Friday throwback: riding with your 'fro intact

Every Friday here at ibikelondon we're looking at images from the Flickr commons of cyclists from around the world over the years.  Last week we looked at how the 1970s oil crisis forced children to ride to school.  

Sticking with the 1970s, this week we visit the District of Columbia in the United States, where this photograph of black teenagers cycling along the banks of the Potomac river was taken.  I like this picture for a number of reasons; I like the quality of the light on this seemingly carefree spring day, I like the clothes the guys riding bikes are wearing (and the fact that "cycling apparel" seems to be entirely absent in this image).  And I really like their hair, especially the afro the chap on the left is sporting.

It has to be said, you don't see many afros aboard bicycles in London and indeed black riders here are a minority within the minority of cyclists themselves.  This fairly epic Reddit thread on how to find a bike helmet that's compatable with your 'fro is most enjoyable, but there are more serious considerations at hand too.  Everyone knows the story of 1900s black American track cyclist Major Taylor and the racial segregation he faced, but there's been much less debate as to why it wasn't until 2011 that a black man lined up to race a stage of the Tour de France. (2011!!)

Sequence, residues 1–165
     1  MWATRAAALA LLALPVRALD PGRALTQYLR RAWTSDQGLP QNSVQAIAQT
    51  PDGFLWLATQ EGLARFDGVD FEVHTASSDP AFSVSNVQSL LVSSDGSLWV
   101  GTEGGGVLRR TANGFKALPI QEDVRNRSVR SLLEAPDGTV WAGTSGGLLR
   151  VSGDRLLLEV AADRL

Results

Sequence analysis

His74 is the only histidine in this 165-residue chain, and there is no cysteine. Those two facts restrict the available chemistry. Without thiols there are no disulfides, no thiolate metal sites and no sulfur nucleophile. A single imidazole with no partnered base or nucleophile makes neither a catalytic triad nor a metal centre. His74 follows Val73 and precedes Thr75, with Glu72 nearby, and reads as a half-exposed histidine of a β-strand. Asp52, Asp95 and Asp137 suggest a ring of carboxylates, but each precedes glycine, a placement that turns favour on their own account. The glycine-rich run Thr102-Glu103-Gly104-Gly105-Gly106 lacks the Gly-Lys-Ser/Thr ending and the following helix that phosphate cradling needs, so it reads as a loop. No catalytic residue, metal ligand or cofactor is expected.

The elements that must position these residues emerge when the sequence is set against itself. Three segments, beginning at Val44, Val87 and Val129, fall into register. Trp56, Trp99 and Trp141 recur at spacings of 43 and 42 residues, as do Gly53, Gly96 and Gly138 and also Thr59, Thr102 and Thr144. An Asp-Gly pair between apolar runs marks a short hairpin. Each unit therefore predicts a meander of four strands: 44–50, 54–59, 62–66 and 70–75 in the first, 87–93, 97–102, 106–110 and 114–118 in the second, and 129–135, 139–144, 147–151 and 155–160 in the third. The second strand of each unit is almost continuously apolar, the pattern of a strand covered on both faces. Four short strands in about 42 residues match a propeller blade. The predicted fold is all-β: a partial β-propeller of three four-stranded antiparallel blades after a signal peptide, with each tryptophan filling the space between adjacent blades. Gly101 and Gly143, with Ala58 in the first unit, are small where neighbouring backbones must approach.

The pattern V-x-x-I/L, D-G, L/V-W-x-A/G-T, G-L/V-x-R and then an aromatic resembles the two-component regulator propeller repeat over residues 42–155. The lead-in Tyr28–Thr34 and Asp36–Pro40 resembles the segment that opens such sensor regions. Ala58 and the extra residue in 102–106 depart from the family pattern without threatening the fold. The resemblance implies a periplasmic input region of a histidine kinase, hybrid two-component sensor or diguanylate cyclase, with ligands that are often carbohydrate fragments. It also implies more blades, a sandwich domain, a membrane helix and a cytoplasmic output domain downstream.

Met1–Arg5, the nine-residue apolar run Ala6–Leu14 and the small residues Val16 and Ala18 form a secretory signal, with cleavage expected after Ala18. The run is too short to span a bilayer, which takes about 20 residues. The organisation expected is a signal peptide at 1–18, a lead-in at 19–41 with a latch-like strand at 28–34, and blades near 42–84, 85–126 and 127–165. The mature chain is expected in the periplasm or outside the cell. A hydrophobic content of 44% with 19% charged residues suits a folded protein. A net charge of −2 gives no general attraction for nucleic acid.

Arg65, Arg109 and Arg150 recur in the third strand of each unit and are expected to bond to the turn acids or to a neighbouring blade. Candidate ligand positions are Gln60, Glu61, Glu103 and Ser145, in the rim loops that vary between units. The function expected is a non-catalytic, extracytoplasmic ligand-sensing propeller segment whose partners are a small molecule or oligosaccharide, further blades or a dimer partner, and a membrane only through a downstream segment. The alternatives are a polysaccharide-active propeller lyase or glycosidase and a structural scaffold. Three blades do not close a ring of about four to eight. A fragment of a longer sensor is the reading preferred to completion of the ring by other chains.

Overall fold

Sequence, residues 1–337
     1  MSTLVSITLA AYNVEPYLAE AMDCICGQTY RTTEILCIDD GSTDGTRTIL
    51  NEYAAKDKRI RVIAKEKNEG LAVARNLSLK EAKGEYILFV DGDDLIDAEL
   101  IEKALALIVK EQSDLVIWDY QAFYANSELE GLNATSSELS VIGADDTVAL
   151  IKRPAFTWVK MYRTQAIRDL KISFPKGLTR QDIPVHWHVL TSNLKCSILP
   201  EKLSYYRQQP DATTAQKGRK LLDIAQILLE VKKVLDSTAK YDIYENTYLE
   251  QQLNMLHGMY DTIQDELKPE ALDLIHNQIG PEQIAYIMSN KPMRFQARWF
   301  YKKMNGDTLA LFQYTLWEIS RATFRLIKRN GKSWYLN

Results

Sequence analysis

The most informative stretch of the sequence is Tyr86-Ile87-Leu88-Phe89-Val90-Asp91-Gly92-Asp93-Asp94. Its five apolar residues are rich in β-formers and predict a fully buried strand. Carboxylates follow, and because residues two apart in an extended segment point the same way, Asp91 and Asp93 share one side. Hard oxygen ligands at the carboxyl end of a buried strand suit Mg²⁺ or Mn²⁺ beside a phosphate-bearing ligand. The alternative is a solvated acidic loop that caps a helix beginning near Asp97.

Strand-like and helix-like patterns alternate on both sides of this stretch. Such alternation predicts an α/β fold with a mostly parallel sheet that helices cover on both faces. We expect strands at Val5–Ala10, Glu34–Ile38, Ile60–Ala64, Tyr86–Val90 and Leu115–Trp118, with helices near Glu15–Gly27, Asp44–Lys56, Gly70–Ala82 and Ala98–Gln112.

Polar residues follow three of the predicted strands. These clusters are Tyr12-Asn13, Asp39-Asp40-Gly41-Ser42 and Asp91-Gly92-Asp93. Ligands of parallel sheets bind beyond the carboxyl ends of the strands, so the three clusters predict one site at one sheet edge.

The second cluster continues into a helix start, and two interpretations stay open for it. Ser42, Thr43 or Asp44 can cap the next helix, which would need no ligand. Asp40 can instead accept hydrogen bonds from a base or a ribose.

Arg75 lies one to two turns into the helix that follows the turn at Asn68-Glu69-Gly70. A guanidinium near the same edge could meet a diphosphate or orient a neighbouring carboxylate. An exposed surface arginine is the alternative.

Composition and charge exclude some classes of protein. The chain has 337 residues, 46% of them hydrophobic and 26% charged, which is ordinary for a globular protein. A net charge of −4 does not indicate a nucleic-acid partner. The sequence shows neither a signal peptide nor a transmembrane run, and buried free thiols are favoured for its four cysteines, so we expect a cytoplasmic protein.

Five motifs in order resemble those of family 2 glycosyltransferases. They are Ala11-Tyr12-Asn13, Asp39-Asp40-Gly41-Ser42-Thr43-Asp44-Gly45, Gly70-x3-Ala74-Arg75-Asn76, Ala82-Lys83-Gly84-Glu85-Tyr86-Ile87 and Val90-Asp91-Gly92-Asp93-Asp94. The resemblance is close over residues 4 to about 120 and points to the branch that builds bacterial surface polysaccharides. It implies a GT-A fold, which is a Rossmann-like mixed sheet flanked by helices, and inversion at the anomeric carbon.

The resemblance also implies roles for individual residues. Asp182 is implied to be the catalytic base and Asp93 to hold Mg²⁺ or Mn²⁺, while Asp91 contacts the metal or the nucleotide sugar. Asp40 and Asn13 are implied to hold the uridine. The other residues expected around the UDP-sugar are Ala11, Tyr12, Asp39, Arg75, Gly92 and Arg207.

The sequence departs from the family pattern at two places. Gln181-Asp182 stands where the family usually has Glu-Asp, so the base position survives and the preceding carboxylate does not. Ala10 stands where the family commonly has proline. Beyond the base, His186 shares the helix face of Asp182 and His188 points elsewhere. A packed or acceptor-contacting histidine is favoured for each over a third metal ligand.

Racial politics aside, I like that this photo from 1973 captured a great moment between a group of friends out on their bikes one sunny afternoon - I wonder if they are still riding together today?

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1 comment:

Mat said...

Regarding black Tour de France riders...cycling does seem to be a predominantly white sport at the highest level and hasn't been represented massively by either the Asian or African continents.

MTN are doing a good job for African cycling now though and Gregory Bauge has been a World Champion/Olympic Medallist on the track so there is some inclusion but it's possible that the genetics that appears to make West Africans ideal for football/rugby and East Africans ideal for long distance running (stereotypes exist for a reason and obviously there's exceptions!) may actually hinder them from reaching the ideal cycling body.